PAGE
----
Supreme Court rules charity group can fire workers based on religious beliefs
WASHINGTON — The US Supreme Court on Monday agreed a leading Christian charity organization could hire and fire its workers based on their religious beliefs.
The nine justices of the nation’s top court, opening their new term, upheld a ruling by a lower court that World Vision was a religious organization and as such was exempted from laws against religious discrimination.
Three former employees, who had been fired in 2007 in a dispute over the requirement that they had to be Christians, had taken their case to the Supreme Court. But the justices on Monday refused to take up the suit, meaning the lower court’s ruling from August stands.
“Today’s action by the US Supreme Court represents a major victory for the freedom of all religious organizations to hire employees who share the same faith — whether Muslim, Buddhist, Jewish, Christian, or any other religion,” the president of World Vision, Richard Stearns, said in a statement.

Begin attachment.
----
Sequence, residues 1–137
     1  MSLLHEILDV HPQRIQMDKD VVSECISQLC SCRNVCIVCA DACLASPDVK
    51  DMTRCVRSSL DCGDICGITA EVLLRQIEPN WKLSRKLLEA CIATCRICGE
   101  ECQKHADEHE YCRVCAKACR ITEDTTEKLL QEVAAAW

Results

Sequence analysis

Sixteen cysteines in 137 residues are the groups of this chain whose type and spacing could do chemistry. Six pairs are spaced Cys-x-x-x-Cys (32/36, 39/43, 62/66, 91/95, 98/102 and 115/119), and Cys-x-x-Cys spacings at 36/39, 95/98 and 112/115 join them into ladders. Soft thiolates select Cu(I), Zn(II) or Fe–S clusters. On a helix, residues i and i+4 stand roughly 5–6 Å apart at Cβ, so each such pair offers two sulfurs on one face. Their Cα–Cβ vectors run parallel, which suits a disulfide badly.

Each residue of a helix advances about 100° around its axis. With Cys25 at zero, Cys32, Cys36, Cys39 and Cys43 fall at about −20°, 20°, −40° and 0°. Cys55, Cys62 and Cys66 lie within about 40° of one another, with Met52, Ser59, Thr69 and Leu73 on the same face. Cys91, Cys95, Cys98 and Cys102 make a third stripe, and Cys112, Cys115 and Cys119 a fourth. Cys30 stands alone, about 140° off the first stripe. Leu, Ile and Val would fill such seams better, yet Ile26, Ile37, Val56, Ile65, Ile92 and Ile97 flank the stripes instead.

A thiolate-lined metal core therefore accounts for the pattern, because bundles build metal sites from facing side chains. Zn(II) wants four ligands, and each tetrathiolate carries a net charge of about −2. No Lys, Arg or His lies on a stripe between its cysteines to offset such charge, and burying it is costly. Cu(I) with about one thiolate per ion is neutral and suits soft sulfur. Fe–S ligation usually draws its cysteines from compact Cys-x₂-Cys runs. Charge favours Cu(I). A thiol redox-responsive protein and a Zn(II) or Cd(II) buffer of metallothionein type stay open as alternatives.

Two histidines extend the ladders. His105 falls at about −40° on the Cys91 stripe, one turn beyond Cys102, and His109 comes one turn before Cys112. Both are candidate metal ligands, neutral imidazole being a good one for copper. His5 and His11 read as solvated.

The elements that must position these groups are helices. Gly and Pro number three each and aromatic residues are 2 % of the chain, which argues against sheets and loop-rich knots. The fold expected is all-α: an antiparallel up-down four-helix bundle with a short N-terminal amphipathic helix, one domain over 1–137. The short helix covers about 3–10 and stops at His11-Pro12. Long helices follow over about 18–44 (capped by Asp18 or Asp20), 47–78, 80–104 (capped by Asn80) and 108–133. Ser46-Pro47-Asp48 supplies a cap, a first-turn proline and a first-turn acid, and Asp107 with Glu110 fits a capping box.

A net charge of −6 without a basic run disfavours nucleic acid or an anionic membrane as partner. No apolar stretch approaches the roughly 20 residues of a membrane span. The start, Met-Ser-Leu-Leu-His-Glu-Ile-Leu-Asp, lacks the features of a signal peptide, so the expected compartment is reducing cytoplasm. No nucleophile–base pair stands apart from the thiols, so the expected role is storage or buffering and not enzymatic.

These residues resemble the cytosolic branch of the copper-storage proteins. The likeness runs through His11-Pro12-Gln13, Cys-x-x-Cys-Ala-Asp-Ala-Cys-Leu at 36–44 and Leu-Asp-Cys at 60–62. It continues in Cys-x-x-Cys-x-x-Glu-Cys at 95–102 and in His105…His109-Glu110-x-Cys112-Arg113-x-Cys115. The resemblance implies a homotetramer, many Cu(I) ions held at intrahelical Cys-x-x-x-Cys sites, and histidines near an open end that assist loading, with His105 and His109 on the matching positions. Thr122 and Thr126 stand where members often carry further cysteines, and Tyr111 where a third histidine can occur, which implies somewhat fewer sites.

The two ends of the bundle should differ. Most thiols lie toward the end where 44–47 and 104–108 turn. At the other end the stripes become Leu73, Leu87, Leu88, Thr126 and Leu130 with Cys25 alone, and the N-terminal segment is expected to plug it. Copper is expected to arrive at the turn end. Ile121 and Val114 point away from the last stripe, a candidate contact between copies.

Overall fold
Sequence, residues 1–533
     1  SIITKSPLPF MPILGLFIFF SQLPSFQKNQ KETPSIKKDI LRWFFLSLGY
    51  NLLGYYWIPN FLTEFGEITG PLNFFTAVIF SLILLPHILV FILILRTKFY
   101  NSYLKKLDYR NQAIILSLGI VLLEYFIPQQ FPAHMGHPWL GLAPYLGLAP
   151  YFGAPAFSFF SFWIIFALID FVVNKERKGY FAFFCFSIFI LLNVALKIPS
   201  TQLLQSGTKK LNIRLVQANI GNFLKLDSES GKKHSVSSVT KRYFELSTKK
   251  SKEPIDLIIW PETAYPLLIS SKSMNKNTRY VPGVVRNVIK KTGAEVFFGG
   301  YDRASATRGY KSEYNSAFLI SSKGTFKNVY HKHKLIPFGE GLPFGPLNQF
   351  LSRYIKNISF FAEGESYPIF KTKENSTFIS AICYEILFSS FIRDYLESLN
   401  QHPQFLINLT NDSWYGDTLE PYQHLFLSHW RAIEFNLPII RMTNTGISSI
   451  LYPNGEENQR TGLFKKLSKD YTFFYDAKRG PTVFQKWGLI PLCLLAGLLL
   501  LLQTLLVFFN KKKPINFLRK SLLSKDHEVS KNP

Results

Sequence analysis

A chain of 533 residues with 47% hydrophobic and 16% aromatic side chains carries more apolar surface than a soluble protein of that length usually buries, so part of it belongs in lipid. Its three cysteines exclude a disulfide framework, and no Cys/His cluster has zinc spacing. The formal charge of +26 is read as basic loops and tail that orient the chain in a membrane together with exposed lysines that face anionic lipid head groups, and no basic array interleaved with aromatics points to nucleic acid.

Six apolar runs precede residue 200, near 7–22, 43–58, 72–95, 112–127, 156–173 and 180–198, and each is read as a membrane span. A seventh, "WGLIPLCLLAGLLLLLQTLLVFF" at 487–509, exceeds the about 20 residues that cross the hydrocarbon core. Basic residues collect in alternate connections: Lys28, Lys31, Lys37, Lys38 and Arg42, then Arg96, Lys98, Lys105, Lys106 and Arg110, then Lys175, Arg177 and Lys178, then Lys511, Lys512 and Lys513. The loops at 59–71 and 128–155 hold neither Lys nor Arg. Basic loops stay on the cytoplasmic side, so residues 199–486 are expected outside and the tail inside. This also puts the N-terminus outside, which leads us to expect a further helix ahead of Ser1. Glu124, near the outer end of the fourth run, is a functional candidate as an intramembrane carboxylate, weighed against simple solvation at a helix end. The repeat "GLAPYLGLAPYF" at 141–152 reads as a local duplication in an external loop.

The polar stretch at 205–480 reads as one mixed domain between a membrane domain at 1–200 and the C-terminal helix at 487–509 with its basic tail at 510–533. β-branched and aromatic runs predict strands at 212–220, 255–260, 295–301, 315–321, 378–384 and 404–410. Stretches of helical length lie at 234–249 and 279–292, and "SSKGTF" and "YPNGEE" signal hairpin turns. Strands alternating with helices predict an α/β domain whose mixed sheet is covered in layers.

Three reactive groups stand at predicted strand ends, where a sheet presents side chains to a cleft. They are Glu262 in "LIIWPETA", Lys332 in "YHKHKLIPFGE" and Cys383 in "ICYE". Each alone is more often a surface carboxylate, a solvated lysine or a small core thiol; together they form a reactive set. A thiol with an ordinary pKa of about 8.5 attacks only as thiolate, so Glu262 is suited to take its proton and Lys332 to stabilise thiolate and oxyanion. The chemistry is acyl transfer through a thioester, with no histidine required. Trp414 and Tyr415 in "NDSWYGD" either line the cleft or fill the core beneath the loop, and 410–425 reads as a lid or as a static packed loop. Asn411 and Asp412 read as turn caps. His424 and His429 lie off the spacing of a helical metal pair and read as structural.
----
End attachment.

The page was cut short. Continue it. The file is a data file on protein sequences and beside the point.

World Vision employs some 30,000 people around the world.
Stearns said he was “pleased, relieved and gratified with the court’s action” which brought to an end four years of legal battles.
“Our Christian faith has been the foundation of our work since the organization was established in 1950, and our hiring policy is vital to the integrity of our mission to serve the poor as followers of Jesus Christ,” he added.